There was a time when I, too, thought of majoring in Hillary Studies. During the early 1990s, I hunted down some of her Wellesley classmates (and heard their stories before they had grown stale from constant retelling) and looked up her Arkansas friends. I first interviewed Hillary, nearly 15 years ago, in the governor's mansion in Little Rock, and several times after that. What stays with me is something that she said during a 1993 White House interview, back in the hopeful days when healthcare reform was slated to be her signature achievement and Monica Lewinsky was still off at college. 'I am a Rorschach test,' she declared, reflecting a shrewd awareness of how, even then, her public persona was in the eye of the beholder. Tomasky, in his 2001 book on her initial Senate race, 'Hillary's Turn,' captured the same reality when he wrote, 'Hillary Clinton has existed primarily as a symbol, both to those who admire her and to those who detest her.'
The rigors of the 1992 campaign -- probably augmented by her own bent toward overpreparation and caution -- made Hillary an oddly distant figure, easier to theorize about than understand. These days, anyone trying to write something fresh and original about her has to grapple with the problem of access: As Bernstein writes, 'Both Hillary and Bill Clinton told me on several occasions that they would welcome being interviewed by me. In the end, both formally declined." (There is no textual evidence that the Clintons spoke with Gerth and Van Natta either.) Would-be chroniclers must also deal with the intense loyalty that has long been a feature of Hillaryland; almost no one close to her is willing to tell all (especially on the record), and virtually everyone in her orbit tends to be nervous about how even the most innocuous comments might look in print.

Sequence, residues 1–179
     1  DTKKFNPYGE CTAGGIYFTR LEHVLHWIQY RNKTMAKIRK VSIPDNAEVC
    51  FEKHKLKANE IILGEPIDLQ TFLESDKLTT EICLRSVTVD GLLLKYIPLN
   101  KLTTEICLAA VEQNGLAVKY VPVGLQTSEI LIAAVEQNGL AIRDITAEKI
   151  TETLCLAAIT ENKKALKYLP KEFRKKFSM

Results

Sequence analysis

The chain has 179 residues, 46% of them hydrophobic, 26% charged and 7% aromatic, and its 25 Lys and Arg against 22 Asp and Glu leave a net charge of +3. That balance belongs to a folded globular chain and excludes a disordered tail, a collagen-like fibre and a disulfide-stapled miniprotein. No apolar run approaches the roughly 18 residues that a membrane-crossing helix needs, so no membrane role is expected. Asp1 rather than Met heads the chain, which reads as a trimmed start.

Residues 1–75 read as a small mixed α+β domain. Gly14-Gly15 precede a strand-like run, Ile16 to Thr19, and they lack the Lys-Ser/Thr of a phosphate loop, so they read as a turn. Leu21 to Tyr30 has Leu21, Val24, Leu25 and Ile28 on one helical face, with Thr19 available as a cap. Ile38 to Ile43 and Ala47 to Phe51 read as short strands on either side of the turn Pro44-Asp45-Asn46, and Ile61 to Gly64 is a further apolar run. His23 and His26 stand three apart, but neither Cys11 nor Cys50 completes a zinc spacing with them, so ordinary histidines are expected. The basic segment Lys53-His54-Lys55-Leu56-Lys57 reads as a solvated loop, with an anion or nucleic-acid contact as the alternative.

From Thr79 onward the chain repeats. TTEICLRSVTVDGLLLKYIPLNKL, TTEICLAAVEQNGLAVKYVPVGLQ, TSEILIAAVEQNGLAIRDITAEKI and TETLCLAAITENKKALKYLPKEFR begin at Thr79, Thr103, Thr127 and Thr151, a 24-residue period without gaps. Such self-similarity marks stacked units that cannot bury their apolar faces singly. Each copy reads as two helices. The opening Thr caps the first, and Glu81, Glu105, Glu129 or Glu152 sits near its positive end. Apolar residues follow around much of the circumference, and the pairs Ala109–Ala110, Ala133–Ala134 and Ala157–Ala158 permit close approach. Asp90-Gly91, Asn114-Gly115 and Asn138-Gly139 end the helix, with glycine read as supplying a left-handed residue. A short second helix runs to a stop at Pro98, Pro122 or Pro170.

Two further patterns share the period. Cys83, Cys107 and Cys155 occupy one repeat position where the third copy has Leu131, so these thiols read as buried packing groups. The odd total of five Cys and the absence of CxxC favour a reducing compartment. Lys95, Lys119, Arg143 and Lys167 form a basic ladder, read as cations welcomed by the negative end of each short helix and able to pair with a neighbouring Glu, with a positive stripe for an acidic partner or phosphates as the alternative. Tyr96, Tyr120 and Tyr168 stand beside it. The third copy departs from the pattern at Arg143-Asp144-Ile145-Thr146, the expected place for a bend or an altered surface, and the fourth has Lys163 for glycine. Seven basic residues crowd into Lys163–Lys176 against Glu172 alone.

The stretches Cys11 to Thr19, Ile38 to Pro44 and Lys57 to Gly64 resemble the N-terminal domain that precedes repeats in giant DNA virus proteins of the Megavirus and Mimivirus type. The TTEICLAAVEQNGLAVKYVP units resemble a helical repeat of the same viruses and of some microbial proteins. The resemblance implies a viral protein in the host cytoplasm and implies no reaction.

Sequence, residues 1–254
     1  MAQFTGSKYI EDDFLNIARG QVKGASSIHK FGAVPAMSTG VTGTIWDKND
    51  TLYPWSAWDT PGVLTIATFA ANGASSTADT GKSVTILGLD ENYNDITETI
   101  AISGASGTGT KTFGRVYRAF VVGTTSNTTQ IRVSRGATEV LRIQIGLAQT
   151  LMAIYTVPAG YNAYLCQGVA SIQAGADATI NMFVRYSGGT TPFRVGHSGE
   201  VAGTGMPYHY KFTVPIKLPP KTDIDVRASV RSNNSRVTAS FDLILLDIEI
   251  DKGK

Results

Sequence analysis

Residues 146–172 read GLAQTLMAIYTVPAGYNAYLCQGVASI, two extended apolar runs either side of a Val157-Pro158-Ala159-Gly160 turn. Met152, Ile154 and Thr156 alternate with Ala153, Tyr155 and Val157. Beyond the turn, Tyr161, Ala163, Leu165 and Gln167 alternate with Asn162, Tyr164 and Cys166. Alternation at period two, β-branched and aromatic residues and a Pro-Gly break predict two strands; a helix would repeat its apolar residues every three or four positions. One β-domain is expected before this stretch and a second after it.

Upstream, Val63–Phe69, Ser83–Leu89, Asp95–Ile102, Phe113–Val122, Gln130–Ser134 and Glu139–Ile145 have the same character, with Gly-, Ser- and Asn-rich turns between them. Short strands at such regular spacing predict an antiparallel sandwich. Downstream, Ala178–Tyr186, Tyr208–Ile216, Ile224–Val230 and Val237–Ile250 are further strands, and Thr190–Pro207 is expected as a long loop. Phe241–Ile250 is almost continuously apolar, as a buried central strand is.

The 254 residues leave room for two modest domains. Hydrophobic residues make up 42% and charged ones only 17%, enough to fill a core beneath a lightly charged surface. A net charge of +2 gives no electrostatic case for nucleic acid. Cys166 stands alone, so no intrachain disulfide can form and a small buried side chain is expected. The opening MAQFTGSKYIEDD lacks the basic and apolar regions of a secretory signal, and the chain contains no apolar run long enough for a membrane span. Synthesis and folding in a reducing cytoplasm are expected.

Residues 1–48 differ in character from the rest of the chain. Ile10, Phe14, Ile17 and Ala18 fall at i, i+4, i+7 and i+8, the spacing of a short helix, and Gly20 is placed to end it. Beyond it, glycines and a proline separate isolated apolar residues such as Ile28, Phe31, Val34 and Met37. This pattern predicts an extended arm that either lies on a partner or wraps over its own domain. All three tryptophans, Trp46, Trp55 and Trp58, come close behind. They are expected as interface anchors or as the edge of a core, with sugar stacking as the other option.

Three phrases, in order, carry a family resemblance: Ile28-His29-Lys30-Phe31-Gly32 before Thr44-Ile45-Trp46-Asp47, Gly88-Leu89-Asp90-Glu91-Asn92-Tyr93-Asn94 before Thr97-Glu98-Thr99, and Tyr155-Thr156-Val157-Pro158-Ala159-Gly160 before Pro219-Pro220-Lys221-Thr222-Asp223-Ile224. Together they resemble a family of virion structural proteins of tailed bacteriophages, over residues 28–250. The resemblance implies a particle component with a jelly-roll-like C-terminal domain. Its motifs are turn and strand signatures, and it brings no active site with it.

But the biggest obstacle to reporters is that this woman who has been probed and psychoanalyzed and hounded by special prosecutors understands the political virtues of repetition and boredom. As first lady, senator and now presidential candidate, she has rarely veered away in public from her self-scripted agenda.
If there was a turning point -- a moment when Hillary Clinton seemed to go robotic -- it probably came during the waning days of 1992 primary campaign. Attacked in a debate by Democratic presidential gadfly Jerry Brown over her legal work while her husband was governor, Hillary snapped, "I suppose I could have stayed home, baked cookies and had teas, but what I decided to do was to fulfill my profession." Bernstein points out that Hillary went on to talk about the difficult choices that women have to make, but notes that her words were attacked "as evidence of radical feminist disdain for traditional values." What neither biography picks up is the larger significance of the "cookies and tea" furor: Bill Clinton had to step in to help his wife mend her image. This moment marked a change in the couple's power dynamic, for up until then, it had always been Hillary who took on the Sisyphean task of cleaning up Bill's messes. ...
Even when "Her Way" and "A Woman in Charge" score with telling details, there remains a sense that their subject remains tantalizing close, yet also out of reach. Hillary Studies (or, at least, political reporting about her as president or senator) is likely to be a growth area over the next decade. But like so many other fledgling disciplines, it is still in search of its core textbook -- a nuanced biography that captures Hillary Rodham Clinton as both human being and political figure, instead of dissecting her like a laboratory slide through the lens of investigative reporting.
Friday, June 8, 2007
Hillary Studies | Salon Books:By Walter Shapiro